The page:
Is It Really The Economy Stupid?

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By: Kent Engelke | Capitol Securities

The third quarter ends on Friday. Perhaps the most significant event during the fourth quarter is the election. As I have already opined, I think this will be the most significant midterm in at least two generations.

There are two absolutes about midterms or elections. The first is the party of the incumbent president always loses seats in Congress. Over the last 21 midterm elections, the party of the sitting president has lost an average of 30 seats in the House and 4 seats in the Senate. There were only two elections the incumbent party gained seats in both houses; 1934 and 2002.

The second absolute is people vote their pocketbooks. If the economy is strong, social issues are less paramount.

The election is in about six weeks. The polls are suggesting a “Blue Wave” partially predicated upon the traditional outcome of midterms and partially from the perceived vitriol towards the president from both parties.

What are the odds Congress does not change power? What are the odds the Republicans gain seats?


It is my understanding the response rates for polls is about 5%. The obvious conclusion is that few are willing to be polled and those that are polled may be very hesitant to express their support for the president fearing that they would be labeled homophobic, misogynistic, xenophobic, etc.

Perhaps the correct question to ask is will the economy overcome social issues as all remember it is the economy stupid!

As widely documented, the economy is growing at the greatest pace in over 10 years and some sentiment levels are at record levels. According to Gallup, today is only the second time in 10 years Republicans are viewed as more favorable than Democrats. The last time was 2011 when the Republicans captured control of the House via the greatest loss of seats by any party in history.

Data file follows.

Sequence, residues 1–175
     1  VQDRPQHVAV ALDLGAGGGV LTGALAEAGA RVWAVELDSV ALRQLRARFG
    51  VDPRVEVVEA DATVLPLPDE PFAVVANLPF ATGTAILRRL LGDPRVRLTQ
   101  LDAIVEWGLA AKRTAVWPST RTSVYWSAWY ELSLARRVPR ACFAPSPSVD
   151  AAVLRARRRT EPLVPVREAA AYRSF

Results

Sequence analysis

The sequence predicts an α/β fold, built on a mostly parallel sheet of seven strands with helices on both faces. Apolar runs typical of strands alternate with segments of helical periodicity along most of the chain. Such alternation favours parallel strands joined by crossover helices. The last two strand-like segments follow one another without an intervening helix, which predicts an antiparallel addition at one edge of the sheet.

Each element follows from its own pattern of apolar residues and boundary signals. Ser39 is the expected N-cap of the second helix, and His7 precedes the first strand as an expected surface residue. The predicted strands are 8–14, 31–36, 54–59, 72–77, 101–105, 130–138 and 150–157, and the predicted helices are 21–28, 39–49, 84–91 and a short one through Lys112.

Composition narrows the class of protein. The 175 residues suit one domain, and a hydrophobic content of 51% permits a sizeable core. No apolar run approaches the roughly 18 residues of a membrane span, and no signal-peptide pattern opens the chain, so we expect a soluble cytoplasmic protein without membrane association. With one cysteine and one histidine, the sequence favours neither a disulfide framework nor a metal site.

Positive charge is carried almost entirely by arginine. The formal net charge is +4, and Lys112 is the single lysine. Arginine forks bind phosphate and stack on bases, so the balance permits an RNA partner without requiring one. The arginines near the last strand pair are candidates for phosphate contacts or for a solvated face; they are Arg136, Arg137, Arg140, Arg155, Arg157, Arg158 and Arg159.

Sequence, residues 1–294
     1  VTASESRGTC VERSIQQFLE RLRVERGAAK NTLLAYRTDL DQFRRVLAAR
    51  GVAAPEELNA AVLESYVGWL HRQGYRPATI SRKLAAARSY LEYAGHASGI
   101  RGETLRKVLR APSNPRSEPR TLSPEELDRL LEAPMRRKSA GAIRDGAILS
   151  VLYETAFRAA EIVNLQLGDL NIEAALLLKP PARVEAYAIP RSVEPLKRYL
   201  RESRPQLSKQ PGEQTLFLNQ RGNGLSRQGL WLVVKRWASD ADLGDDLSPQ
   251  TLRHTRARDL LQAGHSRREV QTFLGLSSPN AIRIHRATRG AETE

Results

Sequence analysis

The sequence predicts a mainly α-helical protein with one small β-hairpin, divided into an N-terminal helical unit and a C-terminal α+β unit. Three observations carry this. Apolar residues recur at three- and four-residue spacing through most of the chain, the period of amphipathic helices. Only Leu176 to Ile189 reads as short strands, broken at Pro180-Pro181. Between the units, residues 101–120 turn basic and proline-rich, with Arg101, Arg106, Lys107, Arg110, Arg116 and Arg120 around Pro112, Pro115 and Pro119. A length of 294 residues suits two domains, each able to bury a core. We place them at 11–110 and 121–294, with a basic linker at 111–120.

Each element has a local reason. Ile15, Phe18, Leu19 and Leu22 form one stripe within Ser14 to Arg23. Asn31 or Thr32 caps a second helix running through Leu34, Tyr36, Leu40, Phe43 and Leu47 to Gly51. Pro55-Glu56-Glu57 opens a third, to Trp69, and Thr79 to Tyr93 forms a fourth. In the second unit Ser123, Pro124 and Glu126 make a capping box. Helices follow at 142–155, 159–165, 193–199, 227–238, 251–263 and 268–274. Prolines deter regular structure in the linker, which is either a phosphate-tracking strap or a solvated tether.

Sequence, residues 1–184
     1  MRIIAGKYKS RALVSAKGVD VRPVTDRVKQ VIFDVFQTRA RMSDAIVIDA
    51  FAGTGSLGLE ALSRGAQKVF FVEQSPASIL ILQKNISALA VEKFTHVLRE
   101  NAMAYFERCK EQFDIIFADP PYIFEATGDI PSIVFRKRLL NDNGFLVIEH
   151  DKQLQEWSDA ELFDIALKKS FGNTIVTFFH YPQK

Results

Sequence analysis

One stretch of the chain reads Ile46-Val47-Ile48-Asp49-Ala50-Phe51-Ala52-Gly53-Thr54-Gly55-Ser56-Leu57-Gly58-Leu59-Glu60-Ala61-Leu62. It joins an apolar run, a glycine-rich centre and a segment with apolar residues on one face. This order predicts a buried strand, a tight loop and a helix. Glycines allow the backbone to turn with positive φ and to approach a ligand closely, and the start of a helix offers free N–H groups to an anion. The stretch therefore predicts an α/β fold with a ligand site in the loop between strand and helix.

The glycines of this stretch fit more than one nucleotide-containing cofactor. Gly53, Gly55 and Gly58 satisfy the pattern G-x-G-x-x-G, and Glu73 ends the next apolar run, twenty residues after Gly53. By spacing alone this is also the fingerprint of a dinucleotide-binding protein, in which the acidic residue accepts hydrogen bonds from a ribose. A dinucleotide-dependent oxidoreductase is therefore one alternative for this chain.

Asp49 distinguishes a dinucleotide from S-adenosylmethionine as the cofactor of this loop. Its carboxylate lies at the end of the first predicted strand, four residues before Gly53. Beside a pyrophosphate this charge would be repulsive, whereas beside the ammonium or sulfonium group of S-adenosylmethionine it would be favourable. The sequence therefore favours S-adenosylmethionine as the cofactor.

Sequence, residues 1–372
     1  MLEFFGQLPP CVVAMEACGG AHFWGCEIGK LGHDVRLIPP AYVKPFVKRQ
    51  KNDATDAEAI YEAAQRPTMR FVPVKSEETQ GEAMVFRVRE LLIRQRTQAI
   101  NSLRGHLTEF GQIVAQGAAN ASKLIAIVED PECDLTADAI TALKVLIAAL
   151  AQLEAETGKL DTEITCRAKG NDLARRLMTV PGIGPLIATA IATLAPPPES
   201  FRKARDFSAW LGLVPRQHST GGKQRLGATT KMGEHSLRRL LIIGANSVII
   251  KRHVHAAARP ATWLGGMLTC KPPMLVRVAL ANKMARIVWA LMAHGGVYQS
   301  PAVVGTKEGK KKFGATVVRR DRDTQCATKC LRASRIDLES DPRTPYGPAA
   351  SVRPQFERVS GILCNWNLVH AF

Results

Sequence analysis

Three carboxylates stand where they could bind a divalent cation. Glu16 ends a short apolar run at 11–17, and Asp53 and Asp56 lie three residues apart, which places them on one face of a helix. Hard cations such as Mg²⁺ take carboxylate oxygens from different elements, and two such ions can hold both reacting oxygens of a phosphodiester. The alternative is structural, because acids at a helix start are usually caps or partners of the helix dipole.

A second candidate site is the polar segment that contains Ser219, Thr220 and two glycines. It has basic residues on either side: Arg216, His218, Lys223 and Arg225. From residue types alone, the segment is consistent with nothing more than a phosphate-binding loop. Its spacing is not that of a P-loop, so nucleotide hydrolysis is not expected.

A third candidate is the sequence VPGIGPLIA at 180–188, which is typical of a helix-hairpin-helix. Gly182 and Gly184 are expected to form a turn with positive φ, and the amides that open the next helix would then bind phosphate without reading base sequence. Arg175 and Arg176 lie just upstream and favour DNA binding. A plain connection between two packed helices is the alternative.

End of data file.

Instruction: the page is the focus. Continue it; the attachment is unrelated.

I am certain the rancor will rise as November 6 approaches.

Commenting upon yesterday’s activity, stocks slipped on growing concern about the outlook for global trade and US politics. Oil rallied to a four-year high. Treasuries closed nominally higher in yield.

What will happen today?

Last night the foreign markets were up. London was up 0.48%, Paris was up 0.20% and Frankfurt was up 0.21%. China was down 0.58%, Japan was up 0.29% and Hang Sang was closed for a holiday.

The Dow should open nominally higher. The 10-year is off 4/32 to yield 3.106%. Will yields breach 3.112%, the level reached last May and the highest yield in over seven years? If so, how will equities respond? Oil is also at a four-year high.

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